- "New Codeshare with Sri Lankan Airlines". flyasiana.com. 12 May 2014. Retrieved 28 May 2014.
- Asiana Airlines – Fleets Asiana Airlines
- asms.casa.go.kr. Atis.casa.go.kr. Retrieved 15 December 2010.
- Asiana Airlines fleet ch-aviation.ch
- "Airbus Orders, Deliveries, Operators – Worldwide". airbus.com. Retrieved 21 June 2011.
- Asiana Airlines Fleet Age
- In-flight publications about its mileage programme.
- 퍼스트 클래스 | 클래스별 서비스 | 기내서비스 | 서비스 안내 | 아시아나항공. Flyasiana.com. Retrieved on 2013-07-12.
- 노선별 운항 기종 | 최첨단 기내시설 항공기 | 기내서비스 | 서비스 안내 | 아시아나항공. Flyasiana.com. Retrieved on 2013-07-12.
- "Asiana Club". Asiana Airlines. Retrieved 14 October 2009.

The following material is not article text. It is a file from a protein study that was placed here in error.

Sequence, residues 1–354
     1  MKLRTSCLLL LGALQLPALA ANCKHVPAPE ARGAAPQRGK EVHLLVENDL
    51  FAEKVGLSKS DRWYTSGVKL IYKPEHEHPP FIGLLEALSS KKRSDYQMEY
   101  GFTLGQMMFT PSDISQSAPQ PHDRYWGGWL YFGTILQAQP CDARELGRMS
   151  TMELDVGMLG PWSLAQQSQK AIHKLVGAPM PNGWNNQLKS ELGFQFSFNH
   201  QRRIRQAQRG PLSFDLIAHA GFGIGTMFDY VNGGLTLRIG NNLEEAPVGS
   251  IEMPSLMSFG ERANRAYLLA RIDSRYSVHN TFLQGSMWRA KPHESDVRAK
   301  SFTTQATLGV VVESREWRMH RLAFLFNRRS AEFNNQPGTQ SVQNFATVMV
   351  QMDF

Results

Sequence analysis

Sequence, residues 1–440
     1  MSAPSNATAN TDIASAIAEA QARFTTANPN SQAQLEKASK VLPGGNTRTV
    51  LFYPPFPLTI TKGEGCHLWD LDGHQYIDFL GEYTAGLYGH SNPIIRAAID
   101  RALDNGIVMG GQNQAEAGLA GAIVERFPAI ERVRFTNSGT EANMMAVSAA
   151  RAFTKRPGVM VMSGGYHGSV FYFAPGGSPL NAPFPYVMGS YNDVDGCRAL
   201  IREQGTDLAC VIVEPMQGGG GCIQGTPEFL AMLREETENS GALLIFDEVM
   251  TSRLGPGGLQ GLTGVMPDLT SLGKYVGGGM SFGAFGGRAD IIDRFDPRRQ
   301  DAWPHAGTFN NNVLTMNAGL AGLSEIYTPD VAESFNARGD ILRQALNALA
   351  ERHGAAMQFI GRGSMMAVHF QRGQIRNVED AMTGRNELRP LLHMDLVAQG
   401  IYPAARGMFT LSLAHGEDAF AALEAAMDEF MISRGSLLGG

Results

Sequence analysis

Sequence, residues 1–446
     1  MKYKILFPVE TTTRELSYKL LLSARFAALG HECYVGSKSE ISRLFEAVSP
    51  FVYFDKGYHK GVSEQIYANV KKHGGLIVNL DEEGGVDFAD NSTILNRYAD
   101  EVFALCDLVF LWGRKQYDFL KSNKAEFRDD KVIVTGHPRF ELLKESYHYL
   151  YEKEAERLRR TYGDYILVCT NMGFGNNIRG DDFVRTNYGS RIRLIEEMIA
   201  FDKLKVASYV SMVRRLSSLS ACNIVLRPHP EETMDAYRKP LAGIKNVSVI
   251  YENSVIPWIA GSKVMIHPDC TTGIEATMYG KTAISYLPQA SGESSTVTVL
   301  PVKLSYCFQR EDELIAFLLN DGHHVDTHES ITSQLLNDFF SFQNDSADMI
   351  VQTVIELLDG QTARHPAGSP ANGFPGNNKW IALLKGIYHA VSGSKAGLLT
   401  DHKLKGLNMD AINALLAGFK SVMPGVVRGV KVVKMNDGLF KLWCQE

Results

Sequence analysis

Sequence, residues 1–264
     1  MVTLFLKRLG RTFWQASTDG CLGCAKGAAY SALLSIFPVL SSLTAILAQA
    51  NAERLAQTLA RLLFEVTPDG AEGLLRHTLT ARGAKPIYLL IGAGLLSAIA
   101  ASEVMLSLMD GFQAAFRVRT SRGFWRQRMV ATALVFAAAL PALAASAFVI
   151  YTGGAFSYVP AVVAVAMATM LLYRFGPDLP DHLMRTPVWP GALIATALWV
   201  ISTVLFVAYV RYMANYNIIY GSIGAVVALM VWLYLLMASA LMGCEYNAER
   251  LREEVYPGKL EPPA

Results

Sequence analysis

- "Asiana Airlines". Asiana Airlines. Retrieved 14 October 2009.
- Manchester United’s Park Ji-Sung secures lucrative new contract – Sports Personal Endorsement news – Soccer. SportsPro Media. Retrieved 15 December 2010.
- Asiana Airlines sponsors Psy's agency. Yonhap News Agency. Retrieved 28 January 2013.
- Harro Ranter (26 July 1993). "ASN Aircraft accident Boeing 737-5L9 HL7229 Mokpo". Aviation Safety Network. Retrieved 21 November 2008.
- Harro Ranter (11 November 1998). "ASN Aircraft accident Ilyushin 62M RA-86564 Anchorage International Airport, AK (ANC)". Aviation Safety Network. Retrieved 21 November 2008.
- Cha, Seonjin; Park, Kyunghee (28 July 2011). "Asiana Boeing 747 Freighter Crashes in South Korean Waters". Bloomberg (New York).
- San Francisco Boeing 777 crash 'not mechanical failure'
- Pritchard, Justin. "APNewsBreak: Asiana Airlines Penalized Over Crash". Associate Press. Retrieved 25 February 2014.